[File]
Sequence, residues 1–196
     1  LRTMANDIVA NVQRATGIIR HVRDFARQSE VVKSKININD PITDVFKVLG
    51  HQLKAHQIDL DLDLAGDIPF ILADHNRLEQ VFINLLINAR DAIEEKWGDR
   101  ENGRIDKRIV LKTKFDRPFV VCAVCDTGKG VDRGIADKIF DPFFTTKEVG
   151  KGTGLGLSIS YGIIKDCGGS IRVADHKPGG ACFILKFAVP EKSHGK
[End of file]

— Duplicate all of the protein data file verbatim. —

Sequence, residues 1–196
     1  LRTMANDIVA NVQRATGIIR HVRDFARQSE VVKSKININD PITDVFKVLG
    51  HQLKAHQIDL DLDLAGDIPF ILADHNRLEQ VFINLLINAR DAIEEKWGDR
   101  ENGRIDKRIV LKTKFDRPFV VCAVCDTGKG VDRGIADKIF DPFFTTKEVG
   151  KGTGLGLSIS YGIIKDCGGS IRVADHKPGG ACFILKFAVP EKSHGK